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“I want the cake and eat it too”: Investor Fears when it comes to Early Stage Investing

As Benjamin Graham put it “Successful investing is about managing risk, not avoiding it”.

Wish we were all Adam Smith’s economic man. Someone, who can think and act rationally at-least where economic matters are concerned. After all, economics is about facts and figures and decision making should follow that rationale

Unfortunately, as most behavioural scientist will tell you that is not the case. There are few biases which will creep in as we try and make the most rational assessments. The one which is my favourite is “Loss Aversion”. Most of us think differently for gains and losses. We hate losses more than we like gains. Kahnemen has a great example to illustrate. He asks his students; “ I am going to flip a coin, and if is tails , you lose 10 bucks. How much would you have to gain on winning in order for this gamble to be acceptable to you?”. He says most people say 20 bucks!. That is twice as much upside as there is downside. After all the probabilities of gaining or losing are 50%. While this was a fun game, in real life the implications are fairly serious. We would end up buying insurances which either we don’t need or we pay exorbitant amounts to cover small probabilities (some of those who have premium cars would remember buying 3 levels of insurance covers!) OR We would stick to safe investments even if the real returns after tax and inflation are negative and would erode our wealth significantly over time OR we could and would end up selling stocks which have done well.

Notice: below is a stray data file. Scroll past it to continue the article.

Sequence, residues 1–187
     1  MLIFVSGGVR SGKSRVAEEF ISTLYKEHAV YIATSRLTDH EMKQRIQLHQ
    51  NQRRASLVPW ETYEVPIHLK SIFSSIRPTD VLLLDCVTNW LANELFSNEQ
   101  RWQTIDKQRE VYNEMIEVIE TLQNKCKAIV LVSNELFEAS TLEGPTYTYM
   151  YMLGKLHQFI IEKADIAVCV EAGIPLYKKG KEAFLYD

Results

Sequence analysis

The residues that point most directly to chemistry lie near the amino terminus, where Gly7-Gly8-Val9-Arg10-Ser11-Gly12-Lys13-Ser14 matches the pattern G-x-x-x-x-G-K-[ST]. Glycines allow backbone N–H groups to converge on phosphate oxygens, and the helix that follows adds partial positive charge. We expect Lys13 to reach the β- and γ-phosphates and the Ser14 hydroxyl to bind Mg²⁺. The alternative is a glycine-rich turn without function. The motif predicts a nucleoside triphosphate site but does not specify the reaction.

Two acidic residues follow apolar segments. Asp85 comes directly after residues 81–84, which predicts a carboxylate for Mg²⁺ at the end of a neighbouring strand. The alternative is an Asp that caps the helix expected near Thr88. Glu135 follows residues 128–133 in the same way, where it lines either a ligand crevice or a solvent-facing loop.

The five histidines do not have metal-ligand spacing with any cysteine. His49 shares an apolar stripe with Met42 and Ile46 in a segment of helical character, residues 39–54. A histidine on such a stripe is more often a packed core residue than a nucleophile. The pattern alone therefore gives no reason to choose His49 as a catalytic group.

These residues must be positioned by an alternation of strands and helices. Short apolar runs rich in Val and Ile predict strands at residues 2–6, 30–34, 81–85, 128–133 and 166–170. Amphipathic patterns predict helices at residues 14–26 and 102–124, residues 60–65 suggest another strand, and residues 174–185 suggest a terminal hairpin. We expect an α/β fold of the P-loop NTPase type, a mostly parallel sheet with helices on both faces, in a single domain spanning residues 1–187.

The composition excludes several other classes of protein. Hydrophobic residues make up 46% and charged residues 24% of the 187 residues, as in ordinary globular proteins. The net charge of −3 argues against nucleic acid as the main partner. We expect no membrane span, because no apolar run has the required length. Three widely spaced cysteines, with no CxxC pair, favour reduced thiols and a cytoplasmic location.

In my own network I have come across cases where folks have passed on early stage investment opportunities in companies which are highly successful companies today. The opportunities were passed on not because the analysis showed a different outcome (perfectly acceptable) but because of perception that all start ups lose money.

While the “why” needs a neuroscientist and possibly an explanation which would be fairly hard to decipher, I would think, we all consciously allocate a part of our capital towards early stage / high growth investments and invest ourselves emotionally and intellectually to find investment opportunities which would protect and grow our wealth as opposed to losing it to inflation and tax. Yes there is risk, but that only exists if you don’t do sufficient curation (due diligence) and allocate time for post investment governance.

As Benjamin Graham put it “Successful investing is about managing risk, not avoiding it”.

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